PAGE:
Tuesday, December 10, 2013

How to Talk to a Skeptic - a book review

Every month, Bethany House sends out an email to book addicts like me. This email contains a list of titles that are available to read and review. I love books and I love free books even more.


I chose How to Talk to a Skeptic because of its subtitle: An Easy-to-Follow Guide for Natural Conversations and Effective Apologetics.

Last year, a gentleman emailed me after coming across my blog and seeing that I'm a Christian. His intent was to convince Christians one by one that God doesn't exist. We chatted via email for about a year, discussing topics like the reliability of the Bible, the character of God, the age of the earth, whether miracles really occur, etc. It didn't take me long to realize that even though I knew way more about the Bible than my correspondent, he was better able to form coherent thoughts and arguments. I felt like a failure because I couldn't explain why I believe God exists, why I trust the Bible, and why I believe God is love.

How to Talk to a Skeptic is supposed to aid in those types of discussions. I hoped, when accepting it for review, that I would be able to learn a lot about how to talk to unbelievers and how to express my beliefs.

Well, it's definitely not a book to be read lightly if the reader is not already familiar with apologetics (and this reader is not). Johnson starts off with some remarkable advice: listen! Instead of jumping in to defend your faith or your beliefs, start asking questions. Find out what the other person believes and why. "Specifically, you want to find out first what is his own worldview, and second, what he understands to be the Christian worldview" (46). By doing so, you will not waste time trying to convince someone of something he or she already believes. Also, and more importantly, it lets the other person know that you actually care about him or her as a person and are interested in what he or she believes.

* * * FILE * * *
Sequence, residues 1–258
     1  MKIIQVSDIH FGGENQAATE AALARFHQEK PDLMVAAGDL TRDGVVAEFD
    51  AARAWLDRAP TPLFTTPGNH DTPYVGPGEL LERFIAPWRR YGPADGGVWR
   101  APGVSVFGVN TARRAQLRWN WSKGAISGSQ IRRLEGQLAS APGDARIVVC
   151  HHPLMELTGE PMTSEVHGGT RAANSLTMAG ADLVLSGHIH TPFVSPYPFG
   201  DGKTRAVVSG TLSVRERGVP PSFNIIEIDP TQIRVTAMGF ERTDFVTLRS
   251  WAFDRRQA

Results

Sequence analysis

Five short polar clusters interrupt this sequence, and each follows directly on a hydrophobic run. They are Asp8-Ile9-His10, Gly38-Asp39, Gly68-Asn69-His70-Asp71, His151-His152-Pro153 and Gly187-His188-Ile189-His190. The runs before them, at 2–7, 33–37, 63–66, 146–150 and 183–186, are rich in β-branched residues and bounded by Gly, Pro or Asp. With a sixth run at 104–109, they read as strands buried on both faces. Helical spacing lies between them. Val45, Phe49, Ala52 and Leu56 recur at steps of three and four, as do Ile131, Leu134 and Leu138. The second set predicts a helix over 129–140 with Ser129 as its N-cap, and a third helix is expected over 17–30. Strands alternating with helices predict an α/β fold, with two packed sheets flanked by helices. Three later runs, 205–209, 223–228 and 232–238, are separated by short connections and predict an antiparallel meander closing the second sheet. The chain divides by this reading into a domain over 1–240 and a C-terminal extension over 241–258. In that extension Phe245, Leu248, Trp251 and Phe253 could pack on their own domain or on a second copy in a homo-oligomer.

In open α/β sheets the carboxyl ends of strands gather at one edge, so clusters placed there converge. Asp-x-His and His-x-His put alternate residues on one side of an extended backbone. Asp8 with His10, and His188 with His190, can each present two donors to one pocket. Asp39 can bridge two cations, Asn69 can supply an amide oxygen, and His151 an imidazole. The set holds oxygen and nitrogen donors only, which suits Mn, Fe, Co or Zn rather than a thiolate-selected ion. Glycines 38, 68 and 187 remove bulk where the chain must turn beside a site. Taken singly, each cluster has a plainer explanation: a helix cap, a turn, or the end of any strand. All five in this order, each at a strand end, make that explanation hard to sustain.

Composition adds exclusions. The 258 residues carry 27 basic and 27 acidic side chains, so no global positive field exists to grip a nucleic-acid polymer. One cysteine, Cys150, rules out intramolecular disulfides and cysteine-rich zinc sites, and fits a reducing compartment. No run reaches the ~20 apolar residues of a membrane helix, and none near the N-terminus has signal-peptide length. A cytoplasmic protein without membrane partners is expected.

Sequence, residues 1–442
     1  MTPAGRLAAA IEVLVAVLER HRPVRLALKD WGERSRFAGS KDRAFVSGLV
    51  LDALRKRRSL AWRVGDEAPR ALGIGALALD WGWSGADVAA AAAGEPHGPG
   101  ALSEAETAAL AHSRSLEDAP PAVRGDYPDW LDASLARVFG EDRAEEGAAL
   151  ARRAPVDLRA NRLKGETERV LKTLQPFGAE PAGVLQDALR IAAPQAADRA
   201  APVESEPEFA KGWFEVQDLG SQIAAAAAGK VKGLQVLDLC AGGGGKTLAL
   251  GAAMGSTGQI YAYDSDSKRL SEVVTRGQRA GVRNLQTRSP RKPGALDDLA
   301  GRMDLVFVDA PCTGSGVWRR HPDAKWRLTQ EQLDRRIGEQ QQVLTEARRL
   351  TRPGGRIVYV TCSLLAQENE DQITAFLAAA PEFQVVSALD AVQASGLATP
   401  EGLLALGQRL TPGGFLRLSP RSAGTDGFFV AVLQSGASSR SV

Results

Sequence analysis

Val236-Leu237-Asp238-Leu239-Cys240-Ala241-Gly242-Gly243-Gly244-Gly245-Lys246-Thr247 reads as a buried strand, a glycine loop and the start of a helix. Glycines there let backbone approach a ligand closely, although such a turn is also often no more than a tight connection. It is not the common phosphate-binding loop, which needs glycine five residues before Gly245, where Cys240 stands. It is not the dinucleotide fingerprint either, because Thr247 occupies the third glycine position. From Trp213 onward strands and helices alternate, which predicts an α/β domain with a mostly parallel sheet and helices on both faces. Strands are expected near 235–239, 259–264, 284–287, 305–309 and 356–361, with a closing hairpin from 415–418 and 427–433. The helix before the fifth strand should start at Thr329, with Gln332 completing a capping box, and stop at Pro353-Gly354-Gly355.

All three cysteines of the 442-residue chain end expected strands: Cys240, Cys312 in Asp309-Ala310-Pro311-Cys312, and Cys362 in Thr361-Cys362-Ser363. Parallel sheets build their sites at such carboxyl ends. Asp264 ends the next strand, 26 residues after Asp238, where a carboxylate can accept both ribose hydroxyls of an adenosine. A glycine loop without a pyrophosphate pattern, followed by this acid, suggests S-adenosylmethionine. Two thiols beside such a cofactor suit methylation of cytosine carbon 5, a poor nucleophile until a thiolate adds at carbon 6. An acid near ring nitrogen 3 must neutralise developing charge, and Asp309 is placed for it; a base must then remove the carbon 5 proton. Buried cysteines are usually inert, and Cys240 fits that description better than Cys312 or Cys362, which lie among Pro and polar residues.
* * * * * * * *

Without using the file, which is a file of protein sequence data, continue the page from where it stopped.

Unfortunately, I cannot compare this book to others on apologetics. It's not a topic I am familiar with; this is my first introduction to apologetics. I do believe that How to Talk to a Skeptic is great fodder for prayer, thought, and discussion. It definitely left me with issues to ponder. This would be a great book to study alongside Adler's How to Read a Book.

Many thanks to Bethany House for providing this book in exchange for my honest opinion. All thoughts are my own!

2 comments:

Julie Fukuda said...

I wonder what help, if any, that book would be. Most of the skeptics I know are missionary kids who grew up with too much religion. Even though they are living what I would consider a very Christian life, they claim to not believe in anything.

Max Weismann said...

Hello,

We are a not-for-profit educational organization founded by Mortimer Adler and we have recently made an exciting discovery—three years after writing the wonderfully expanded third edition of How to Read a Book, Mortimer Adler and Charles Van Doren made a series of thirteen 14-minute videos—lively discussing the art of reading. The videos were produced by Encyclopaedia Britannica. For reasons unknown, sometime after their original publication, these videos were lost.

Three hours with Mortimer Adler and Charles Van Doren, lively discussing the art of reading, on one DVD. A must for all readers, libraries and classroom teaching the art of reading.

I cannot exaggerate how instructive these programs are—we are so sure that you will agree, if you are not completely satisfied, we will refund your donation.

Please go here to see a clip and learn more:

http://www.thegreatideas.org/HowToReadABook.htm

ISBN: 978-1-61535-311-8

Thank you,

Max Weismann, Co-founder with Dr. Adler